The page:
We have written about adaptive reuse in previous columns and have postulated that with proper incentives, the existing one, two and three-story buildings lining our downtown streets and boulevards provide more than all the buildable area we will ever need if properly re-purposed for new uses, including the 8,874 State-mandated housing units required by 2028. In addition, we see the decline in retail and an ever-increasing shift to remote working from home, shrinking the existing office space demand in those existing larger/taller office buildings scattered throughout our town, providing the potential for even more adaptive reuse to housing or other uses.
How has Santa Monica approached adaptive reuse? In the new zoning code adaptive reuse is mentioned only three times. That is more than in the previous zoning code but the reference occurs in the section titled “Employment Districts”, which are then defined as the Industrial Conservation Zone, the Office Campus zone, and the Healthcare Mixed Use zone. And while the zones list 100 percent affordable as a permitted use, it is not as a specific incentive for the purposes of encouraging adaptive reuse, and family housing is not among the approved uses “by right” except in the Healthcare district.
Adaptive reuse means more than just saving an old building from demolition. It means there is a lot of life, structurally and functionally, still left in the bones. It just needs a ‘heart’ transplant. Current technologies permit easy adaptation to new energy saving devices such as LED lighting, high efficiency heating and air conditioning system upgrades, energy saving glass and solar panels. Existing 2 & 3 story buildings can be made to be net zero in most circumstances, producing as much energy as they consume, desirable goal that should be encouraged. Water metering can be adapted for new housing units in the event that a building is repurposed for housing, and obviously re-use is a more sustainable solution than the demolition and building of an entirely new structure. It means a smaller carbon footprint than will occur from hauling debris and earth from a tear-down and subterranean excavation to a distant landfill that happens with the big box buildings you see currently redefining our downtown, most visible right now along Lincoln just north of the freeway.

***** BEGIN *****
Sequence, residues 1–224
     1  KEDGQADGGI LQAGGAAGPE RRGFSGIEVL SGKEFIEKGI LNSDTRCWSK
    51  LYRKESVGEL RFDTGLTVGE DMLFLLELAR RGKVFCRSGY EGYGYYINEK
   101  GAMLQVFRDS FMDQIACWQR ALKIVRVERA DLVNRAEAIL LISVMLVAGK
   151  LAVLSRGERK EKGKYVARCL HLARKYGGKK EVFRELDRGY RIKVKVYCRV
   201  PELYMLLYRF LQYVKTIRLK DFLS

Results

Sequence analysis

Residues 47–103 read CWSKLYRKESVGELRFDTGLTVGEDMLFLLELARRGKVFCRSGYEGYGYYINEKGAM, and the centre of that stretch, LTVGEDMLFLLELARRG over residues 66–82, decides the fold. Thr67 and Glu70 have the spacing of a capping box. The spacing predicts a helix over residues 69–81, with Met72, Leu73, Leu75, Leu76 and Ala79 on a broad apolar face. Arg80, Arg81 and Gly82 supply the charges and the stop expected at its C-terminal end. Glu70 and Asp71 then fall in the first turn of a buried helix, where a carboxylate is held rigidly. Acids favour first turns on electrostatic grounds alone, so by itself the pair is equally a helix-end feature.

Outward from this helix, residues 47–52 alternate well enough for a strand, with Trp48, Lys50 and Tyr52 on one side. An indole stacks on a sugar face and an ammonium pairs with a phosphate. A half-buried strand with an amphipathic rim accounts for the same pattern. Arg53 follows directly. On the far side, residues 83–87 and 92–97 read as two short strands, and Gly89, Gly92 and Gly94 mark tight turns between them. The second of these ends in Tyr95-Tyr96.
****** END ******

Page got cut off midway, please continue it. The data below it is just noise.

The City of Los Angeles has a specific adaptive reuse code that encourages saving older buildings. They do so with specific incentives, for both economic and code compliance issues, recognizing safety at all times, but allowing certain exceptions that would otherwise be required of new structures. They have guidelines that encourage adaptive reuse for housing, and under that ordinance there are approximately 100 projects have been completed or are in the process of development. Why does it seem impossible for our City Council to encourage and incentivize a similar program instead of their supporting a cruise ship sized hotel/condo project that simply enriches the developer, and a massive office/hotel project on our city land, instead of resident desired open space in the heart of our downtown. In the real world, in real time, the building frenzy we are being subjected to means more vehicles, more congestion, more demand on the infrastructure, water consumption, power consumption, waste, and sewer demand. It means less open space and less blue sky. It is self-perpetuating revenue tail-chasing, and, simply put, more is more, and we don’t need more, we need responsible. And for that we need a clean slate of new, resident oriented, council members.
The council obviously needs a ‘heart’ transplant, and with 5 seats up in November, lets help our city get that new heart! And note that all five of the existing council members running for “re-election” were not “elected” by a vote of the public for their first terms, but rather appointed by ‘friendly’ sitting Council members in mid-term appointments. However, on the ballot they receive the benefit of being identified as ‘incumbent’. It is self-perpetuating, by and for, one political party’s control in Santa Monica for the past 40 years, and look what they have done, and are doing, in over-building our beach town and seemingly blending it into Los Angeles. No to incumbents.
Why would anyone who cares about the environment, or the uniqueness and value, of what a low-rise beach town brings to the greater region, want to continue the demolition of our town and build it into the dense urban mess it is fast becoming? As we can adapt existing structures for new uses without having to destroy them, we can responsibly adapt our built out beachfront town without having to demolish it just to build higher and more dense. At the same time we can respect the voice of its residents, who have been ignored by the council for much too long, and prepare for the future impacts expected by predicted sea level rise, droughts and the likely water shortages that are foreseeable in the near future. We just need the heart to do it.
This November we can give our beach town that new heart by voting in a new clean slate of council members. SMa.r.t. has two of our own running and we trust you will consider voting for Planning Commissioner Mario Fonda-Bonardi, and Arts Commissioner Phil Brock to be your new City Council members. They will hear you and represent you, not developers or special interests.
Bob Taylor, Architect, AIA
(Santa Monica Architects for a Responsible Tomorrow)
Ron Goldman, Architect FAIA; Dan Jansenson, Architect, Building & Fire-Life Safety Commissioner; Robert H. Taylor, Architect AIA: Thane Roberts, Architect; Mario Fonda-Bonardi, Architect AIA, Planning Commissioner; Sam Tolkin, Architect; Phil Brock, Arts Commissioner; Marc Verville, CPA (inactive)
For previous articles see www.santamonicaarch.wordpress.com/writings